The Fraser Institute

The Fraser Institute

March 05, 2015 06:30 ET

The Fraser Institute: Quebec's Upcoming Budget-An Opportunity for Bold Action on Debt and Taxes

MONTREAL, QUEBEC--(Marketwired - March 5, 2015) - With the provincial budget set for release later this month, the government could improve Quebec's economic prospects by targeting debt and taxes, finds a new study released today by the Fraser Institute, an independent, non-partisan Canadian public policy think-tank.

The study, Quebec's 2015 Budget: Bold Action on Debt and Taxes Needed, spotlights Quebec's deep fiscal problems, which include the largest provincial debt burden in Canada and an uncompetitive tax regime.

"The government has been forthright about the province's fiscal challenges and has already taken some important initial steps. But given the extent of the problem, major reforms are needed to right Quebec's fiscal ship," said Charles Lammam, study co-author and associate director of tax and fiscal policy at the Fraser Institute.

Consider Quebec's provincial government debt.

Between 2004/05 and 2013/14, Quebec's debt increased by 83 per cent-to $181.3 billion from $99 billion. The debt now equals 50 per cent of the province's GDP (the value of all goods and services produced in the province). When broken down on a per person basis, every Quebecer owes $22,230 in government debt.

Governments, like families, have to pay interest on the money they borrow. Today, interest payments consume more than 11 cents of every dollar collected by the Quebec government.

"With interest payments eating up government revenues, there's less money left for programs such as health care and education, or much-needed tax relief," Lammam said.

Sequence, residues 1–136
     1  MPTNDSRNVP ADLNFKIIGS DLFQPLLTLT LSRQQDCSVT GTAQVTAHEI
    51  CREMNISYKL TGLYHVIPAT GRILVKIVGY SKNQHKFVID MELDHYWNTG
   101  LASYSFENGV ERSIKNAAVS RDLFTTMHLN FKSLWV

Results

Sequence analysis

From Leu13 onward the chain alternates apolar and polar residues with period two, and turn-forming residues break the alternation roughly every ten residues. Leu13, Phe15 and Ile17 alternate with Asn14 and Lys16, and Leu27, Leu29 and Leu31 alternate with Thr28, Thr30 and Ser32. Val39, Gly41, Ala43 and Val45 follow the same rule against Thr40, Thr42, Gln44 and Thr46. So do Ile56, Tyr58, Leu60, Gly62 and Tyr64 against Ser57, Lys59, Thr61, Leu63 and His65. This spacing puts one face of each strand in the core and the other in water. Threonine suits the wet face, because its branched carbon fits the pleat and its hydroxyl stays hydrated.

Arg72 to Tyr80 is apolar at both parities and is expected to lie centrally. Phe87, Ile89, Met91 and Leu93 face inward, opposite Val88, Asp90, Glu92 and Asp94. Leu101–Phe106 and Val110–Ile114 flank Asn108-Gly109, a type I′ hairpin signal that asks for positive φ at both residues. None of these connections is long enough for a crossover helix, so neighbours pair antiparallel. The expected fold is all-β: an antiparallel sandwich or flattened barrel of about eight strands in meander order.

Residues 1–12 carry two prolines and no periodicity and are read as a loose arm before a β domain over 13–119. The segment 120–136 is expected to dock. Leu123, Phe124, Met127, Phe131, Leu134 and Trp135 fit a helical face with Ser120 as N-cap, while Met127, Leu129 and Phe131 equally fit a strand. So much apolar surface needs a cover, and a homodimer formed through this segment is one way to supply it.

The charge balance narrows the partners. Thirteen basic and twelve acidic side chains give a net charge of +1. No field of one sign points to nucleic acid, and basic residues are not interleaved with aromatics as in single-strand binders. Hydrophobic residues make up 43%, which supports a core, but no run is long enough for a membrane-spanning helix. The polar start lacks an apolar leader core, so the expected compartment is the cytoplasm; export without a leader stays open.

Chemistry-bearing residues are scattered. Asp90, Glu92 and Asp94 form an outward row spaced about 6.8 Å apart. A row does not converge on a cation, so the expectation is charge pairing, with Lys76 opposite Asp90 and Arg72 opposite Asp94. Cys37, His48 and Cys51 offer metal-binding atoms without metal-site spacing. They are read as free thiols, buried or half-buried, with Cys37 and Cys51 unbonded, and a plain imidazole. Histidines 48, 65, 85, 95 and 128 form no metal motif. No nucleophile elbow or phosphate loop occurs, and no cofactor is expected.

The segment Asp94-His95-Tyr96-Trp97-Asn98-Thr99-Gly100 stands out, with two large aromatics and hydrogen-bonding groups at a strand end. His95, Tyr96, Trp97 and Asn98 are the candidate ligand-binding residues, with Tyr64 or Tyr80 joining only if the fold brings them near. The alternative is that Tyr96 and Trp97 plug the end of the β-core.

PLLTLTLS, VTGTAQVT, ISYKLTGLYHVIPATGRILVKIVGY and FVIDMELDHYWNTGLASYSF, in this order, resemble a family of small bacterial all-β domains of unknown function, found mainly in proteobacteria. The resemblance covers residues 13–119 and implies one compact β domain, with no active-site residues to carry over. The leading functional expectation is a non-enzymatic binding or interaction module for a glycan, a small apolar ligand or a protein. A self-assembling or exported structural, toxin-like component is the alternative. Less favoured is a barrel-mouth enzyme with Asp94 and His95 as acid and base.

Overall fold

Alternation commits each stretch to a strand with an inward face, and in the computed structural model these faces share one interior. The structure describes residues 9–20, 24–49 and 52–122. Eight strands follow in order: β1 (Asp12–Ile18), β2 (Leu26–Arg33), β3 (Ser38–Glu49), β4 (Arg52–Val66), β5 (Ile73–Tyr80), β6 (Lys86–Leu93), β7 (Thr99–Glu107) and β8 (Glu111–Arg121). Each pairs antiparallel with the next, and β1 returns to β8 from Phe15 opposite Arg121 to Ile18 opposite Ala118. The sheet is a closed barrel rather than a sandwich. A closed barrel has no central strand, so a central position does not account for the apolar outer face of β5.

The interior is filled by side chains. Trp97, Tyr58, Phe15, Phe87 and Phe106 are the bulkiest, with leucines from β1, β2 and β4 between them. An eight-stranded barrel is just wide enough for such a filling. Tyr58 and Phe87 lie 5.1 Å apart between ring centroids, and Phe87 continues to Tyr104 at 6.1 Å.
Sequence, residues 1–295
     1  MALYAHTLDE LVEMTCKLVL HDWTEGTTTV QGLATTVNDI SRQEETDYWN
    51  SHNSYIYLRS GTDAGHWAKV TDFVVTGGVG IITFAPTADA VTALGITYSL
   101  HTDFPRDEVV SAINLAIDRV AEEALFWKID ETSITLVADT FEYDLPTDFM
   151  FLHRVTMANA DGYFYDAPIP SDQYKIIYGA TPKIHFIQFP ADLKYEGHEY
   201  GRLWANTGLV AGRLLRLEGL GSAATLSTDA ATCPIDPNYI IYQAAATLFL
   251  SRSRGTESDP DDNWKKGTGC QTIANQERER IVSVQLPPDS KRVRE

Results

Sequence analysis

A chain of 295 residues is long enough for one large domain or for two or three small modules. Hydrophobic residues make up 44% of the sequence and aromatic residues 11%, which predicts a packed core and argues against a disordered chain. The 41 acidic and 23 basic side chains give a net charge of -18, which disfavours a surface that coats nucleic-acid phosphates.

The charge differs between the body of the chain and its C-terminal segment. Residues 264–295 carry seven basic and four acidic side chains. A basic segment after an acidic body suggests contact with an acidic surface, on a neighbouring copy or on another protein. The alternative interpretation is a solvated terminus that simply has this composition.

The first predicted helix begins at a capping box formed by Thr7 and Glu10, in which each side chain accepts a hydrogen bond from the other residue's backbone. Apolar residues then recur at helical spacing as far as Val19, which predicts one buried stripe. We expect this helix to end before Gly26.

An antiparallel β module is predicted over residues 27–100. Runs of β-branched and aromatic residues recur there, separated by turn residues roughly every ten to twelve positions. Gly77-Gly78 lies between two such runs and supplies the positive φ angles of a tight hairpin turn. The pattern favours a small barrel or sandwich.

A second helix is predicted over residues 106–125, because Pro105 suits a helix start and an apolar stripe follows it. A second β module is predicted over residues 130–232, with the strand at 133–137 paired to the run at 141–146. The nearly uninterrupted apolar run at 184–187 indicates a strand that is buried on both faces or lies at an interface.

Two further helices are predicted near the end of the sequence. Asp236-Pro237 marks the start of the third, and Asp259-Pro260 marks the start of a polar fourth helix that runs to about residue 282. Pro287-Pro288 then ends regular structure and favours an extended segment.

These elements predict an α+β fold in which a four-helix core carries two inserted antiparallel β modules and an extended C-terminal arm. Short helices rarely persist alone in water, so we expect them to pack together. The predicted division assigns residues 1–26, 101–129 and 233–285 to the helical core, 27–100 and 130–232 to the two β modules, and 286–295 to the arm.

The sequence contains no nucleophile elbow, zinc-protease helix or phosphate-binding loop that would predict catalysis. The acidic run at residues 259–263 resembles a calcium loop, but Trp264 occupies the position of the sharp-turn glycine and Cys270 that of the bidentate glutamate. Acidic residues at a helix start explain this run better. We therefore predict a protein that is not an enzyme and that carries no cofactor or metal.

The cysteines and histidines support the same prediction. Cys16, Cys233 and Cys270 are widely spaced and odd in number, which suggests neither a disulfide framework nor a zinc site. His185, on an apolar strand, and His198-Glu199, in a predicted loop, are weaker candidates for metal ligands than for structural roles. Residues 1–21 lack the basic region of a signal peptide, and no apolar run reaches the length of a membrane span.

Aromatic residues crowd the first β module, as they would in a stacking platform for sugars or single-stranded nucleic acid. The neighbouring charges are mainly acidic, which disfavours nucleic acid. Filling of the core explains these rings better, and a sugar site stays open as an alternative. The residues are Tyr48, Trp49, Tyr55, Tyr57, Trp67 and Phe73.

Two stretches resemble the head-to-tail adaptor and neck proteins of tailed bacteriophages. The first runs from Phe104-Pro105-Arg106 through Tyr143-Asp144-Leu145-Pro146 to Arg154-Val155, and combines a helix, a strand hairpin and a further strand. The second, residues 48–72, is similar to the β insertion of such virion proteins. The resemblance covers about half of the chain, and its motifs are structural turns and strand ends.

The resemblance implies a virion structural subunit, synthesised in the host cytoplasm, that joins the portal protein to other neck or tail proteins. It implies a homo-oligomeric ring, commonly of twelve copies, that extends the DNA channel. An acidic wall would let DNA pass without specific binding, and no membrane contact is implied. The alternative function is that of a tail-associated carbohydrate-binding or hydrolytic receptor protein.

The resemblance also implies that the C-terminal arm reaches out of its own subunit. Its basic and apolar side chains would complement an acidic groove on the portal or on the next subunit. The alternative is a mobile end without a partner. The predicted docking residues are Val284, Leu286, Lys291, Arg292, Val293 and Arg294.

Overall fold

On the tax front, Quebec's personal income tax system includes some of the highest tax rates in Canada. For example, Quebec taxpayers earning $50,000 face the highest provincial income tax rate in the country at over 16 per cent-more than twice the provincial rate in British Columbia.

When all types of taxes are considered (federal, provincial and local), Quebec families endure the third highest total tax burden in Canada. In 2014, the total tax bill consumed an estimated 44.7 per cent of an average Quebec family's income.

"High and uncompetitive taxes make it harder for Quebec to attract and retain skilled workers, entrepreneurs and investment, which help drive the economy forward," Lammam said.

"In Quebec's upcoming budget, reducing and reforming government spending would create the fiscal capacity to rein in debt and reform taxes while avoiding future budget deficits."

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The Fraser Institute is an independent Canadian public policy research and educational organization with offices in Vancouver, Calgary, Toronto, and Montreal and ties to a global network of think-tanks in 87 countries. Its mission is to measure, study, and communicate the impact of competitive markets and government intervention on the welfare of individuals. To protect the Institute's independence, it does not accept grants from governments or contracts for research. Visit www.fraserinstitute.org

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